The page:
Again as part of my project to get relatively caught up with the superhero film genre (and regularly sharing about it with several friends who share the same interest), I watched The Crow during breaks at work on the iPad via Amazon Prime.
I won’t bother retelling the plot in any depth. I’ll just note briefly that Bruce Lee’s son Brandon plays the protagonist, Eric Draven, who through some mysterious supernatural force rises from the grave with powers to avenge his and his fiancé’s brutal murder at the hands of hoodlums under the employ of the city’s crime lord. Eric, who as such becomes The Crow, heals virtually instantly from any wound, has tactile telepathy, and can move and fight with supernatural skill that is basically ninja-like. He can also see things through the eyes of a crow that is evidently a spirit animal for him.
This is a favorite film of my friends Matt and Brian, so I was hopeful that I would enjoy it. And sure enough, I did basically find it fun to watch–although I would add that it did not strike quite as strong a chord with me as for them.
The Crow is a simple tale, and a rather modest film. It aims for the Moon not the stars. And I think it helps that it avoids avoids overreaching as such.
Brandon Lee’s performance is a bit amateurish but he is charismatic; and there is in fact something oddly believable and endearing about how unpolished his acting is. At the end of the day, he was very convincing and managed to “own” the role, I would say.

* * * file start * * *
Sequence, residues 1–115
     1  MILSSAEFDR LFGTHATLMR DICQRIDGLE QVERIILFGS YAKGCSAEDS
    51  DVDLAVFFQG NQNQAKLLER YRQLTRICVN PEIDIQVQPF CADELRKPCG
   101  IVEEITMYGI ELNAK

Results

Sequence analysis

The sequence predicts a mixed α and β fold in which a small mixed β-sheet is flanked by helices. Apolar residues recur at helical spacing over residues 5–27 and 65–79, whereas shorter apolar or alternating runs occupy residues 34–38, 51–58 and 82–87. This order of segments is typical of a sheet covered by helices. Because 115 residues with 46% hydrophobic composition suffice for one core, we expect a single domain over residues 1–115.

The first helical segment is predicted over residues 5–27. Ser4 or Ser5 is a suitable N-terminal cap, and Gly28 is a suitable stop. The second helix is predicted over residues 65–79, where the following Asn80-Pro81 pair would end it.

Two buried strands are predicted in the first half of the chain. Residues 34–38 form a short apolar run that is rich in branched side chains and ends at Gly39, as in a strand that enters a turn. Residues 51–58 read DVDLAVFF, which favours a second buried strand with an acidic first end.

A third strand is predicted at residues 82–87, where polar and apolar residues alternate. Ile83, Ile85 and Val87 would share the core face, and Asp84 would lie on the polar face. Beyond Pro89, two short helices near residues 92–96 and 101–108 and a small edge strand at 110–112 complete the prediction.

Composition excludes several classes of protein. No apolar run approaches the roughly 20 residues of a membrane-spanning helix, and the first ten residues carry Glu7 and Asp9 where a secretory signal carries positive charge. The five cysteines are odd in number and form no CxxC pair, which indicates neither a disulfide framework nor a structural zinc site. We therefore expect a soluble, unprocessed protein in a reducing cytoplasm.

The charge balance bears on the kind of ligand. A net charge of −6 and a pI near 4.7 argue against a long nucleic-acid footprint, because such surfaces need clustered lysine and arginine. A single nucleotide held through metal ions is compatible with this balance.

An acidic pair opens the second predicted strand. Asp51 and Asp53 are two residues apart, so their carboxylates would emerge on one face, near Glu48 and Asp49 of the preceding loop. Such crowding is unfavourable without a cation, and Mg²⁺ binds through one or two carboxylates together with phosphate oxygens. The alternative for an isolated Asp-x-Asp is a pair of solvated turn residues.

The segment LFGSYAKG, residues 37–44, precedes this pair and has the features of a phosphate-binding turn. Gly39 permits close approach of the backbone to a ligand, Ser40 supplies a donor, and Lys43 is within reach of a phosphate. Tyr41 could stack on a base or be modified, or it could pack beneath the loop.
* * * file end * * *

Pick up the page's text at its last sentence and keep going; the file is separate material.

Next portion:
The supporting cast was pretty strong. It was amusing to see the cinematic wink of casting Ernie Hudson of Ghostbusters fame as Eric’s police officer ally.
It is a convention in both comic books and superhero films for villains often to be overdrawn in their sheer delight of evil. There’s a point at which it becomes a bit ridiculous, though–and this film’s villains arguably cross the line into that territory. The incestuous sibling crime lord pair Top Dollar and Bai Ling, and all but one of their underlings (Grange), are pretty over-the-top. Based on Bai Ling’s use of the Dark Arts, I wondered if Top Dollar and Bai Ling might have been devil worshippers (and having a shared father, hmm; also the association of Devil’s Night). If that were so it would make the Crow all the more interesting as their nemesis come to mete out karmic payback. A ghost taking on the minions of Satan is actually a fairly neat concept.
I think what prevents me from greatly liking this film is that it is clearly geared towards a Goth crowd–and I feel no affinity with that world at all. The Gothic aspects of Batman kind of leave me a little cold as well. (Interesting that I mostly enjoyed Van Helsing (2004)–maybe one of the few who did?–but that was despite the Gothic ambience.)
So in sum, The Crow is, for me, not a bad little flick. It ends up somewhere in the middle of the pack for my ‘most enjoyed’ list of films for the American Superhero Film genre.